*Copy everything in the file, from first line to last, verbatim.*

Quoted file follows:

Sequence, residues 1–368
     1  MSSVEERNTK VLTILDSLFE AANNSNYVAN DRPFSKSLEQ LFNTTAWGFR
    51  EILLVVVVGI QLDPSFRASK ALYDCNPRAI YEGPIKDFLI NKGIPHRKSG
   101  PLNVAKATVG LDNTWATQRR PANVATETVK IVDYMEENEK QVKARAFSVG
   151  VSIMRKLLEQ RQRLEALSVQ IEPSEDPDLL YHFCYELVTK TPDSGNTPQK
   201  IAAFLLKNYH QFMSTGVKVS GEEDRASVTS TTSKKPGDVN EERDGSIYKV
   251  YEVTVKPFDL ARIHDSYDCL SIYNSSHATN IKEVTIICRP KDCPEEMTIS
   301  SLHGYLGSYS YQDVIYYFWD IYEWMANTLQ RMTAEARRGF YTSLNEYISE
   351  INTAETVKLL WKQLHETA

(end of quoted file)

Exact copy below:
Sequence, residues 1–368
     1  MSSVEERNTK VLTILDSLFE AANNSNYVAN DRPFSKSLEQ LFNTTAWGFR
    51  EILLVVVVGI QLDPSFRASK ALYDCNPRAI YEGPIKDFLI NKGIPHRKSG
   101  PLNVAKATVG LDNTWATQRR PANVATETVK IVDYMEENEK QVKARAFSVG
   151  VSIMRKLLEQ RQRLEALSVQ IEPSEDPDLL YHFCYELVTK TPDSGNTPQK
   201  IAAFLLKNYH QFMSTGVKVS GEEDRASVTS TTSKKPGDVN EERDGSIYKV
   251  YEVTVKPFDL ARIHDSYDCL SIYNSSHATN IKEVTIICRP KDCPEEMTIS
   301  SLHGYLGSYS YQDVIYYFWD IYEWMANTLQ RMTAEARRGF YTSLNEYISE
   351  INTAETVKLL WKQLHETA